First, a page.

Get Informed

Subscribe to our newsletters for regular updates, analysis and context straight to your email.

Close Newsletter Signup

‘You Want to Get Them While the Teardrops are Warm’: Prosecutors Swap Strategies for Turning Overdose Deaths into Homicides

Ocean County Prosectutor’s Office (YouTube)

‘You Want to Get Them While the Teardrops are Warm’: Prosecutors Swap Strategies for Turning Overdose Deaths into Homicides

Ocean County New Jersey Prosecutor Joseph Coronato said the best way to prosecute a drug overdose as a homicide is to find a witness close to the victim who may have used or bought drugs with them. “You want to get them in an emotional state,” Coronato said. “You want to get them while the teardrops are warm.” What Coronato neglected to mention is that the witnesses may wind up with a homicide charge.

Coronato explained his tactics during a November 15 webinar entitled, “Strategies for Prosecuting Drug-Induced Homicide Cases,” hosted by the Association of Prosecuting Attorneys, a Washington D.C.-based nonprofit. The webinar’s premise is that prosecuting overdoses as homicides is an effective tool in law enforcement’s “heroin response strategy.” Under what’s called “strict liability,” a person who provides drugs that lead to a fatal overdose can be charged with manslaughter or homicide, depending on the state.

Last week, The Appeal reported on research that tallied a 300 percent increase in “drug-induced homicide” prosecutions from 2011 to 2016. Analyses by the Drug Policy Alliance and the Health In Justice Initiative at Northeastern University’s Law School demonstrate that these prosecutions increase the likelihood of fatal overdoses — the very problem they’re trying to solve — by scaring drug users and witnesses away from calling 911.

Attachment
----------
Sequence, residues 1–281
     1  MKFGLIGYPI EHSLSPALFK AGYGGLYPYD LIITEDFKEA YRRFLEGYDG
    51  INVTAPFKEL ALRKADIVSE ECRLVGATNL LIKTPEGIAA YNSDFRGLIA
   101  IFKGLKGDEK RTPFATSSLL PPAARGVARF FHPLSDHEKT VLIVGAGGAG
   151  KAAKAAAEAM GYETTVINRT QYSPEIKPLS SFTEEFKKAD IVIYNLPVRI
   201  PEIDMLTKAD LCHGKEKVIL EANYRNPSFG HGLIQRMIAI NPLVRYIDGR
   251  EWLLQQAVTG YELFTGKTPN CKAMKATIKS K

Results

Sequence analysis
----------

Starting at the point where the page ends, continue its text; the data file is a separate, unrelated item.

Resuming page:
Edward Beach, a drug intelligence officer at the High Intensity Drug Trafficking Area program in New York and New Jersey, explained during the webinar that he targets “major traffickers.” But most drug-induced homicide prosecutions don’t target “major traffickers” — they target friends, family and romantic partners of the overdose victim.

“Out of the 32 drug-induced homicide prosecutions identified by the New Jersey Law Journal in the early 2000s, 25 involved prosecution of friends of the decedent who did not sell drugs in any significant manner,” according to the Drug Policy Alliance.

A case brought by Paul Caccaviello, assistant District Attorney in Berkshire County Massachusetts, illustrates how prosecutors target peers of the overdose victim, not big-time dealers. Caccaviello explained during the webinar how in 2008 he successfully prosecuted Dawn M. Cote for selling multiple fentanyl patches that led to her friend’s death. Cote had no history of drug dealing. She was prescribed the fentanyl patches and then sold them to her “best friend” and neighbor, who overdosed. In November 2009, Cote was sentenced to six years in state prison for manslaughter.

“Every overdose scene becomes a homicide scene,” Elie Honig, director of the New Jersey Attorney General’s Criminal Division, wrote in materials accompanying the webinar. “So there has to be … a cultural shift to investigating these types of cases.” Drug overdose is now the leading cause of accidental death among Americans 50 and under. So now, in the eyes of prosecutors, these deaths are all potential homicide cases.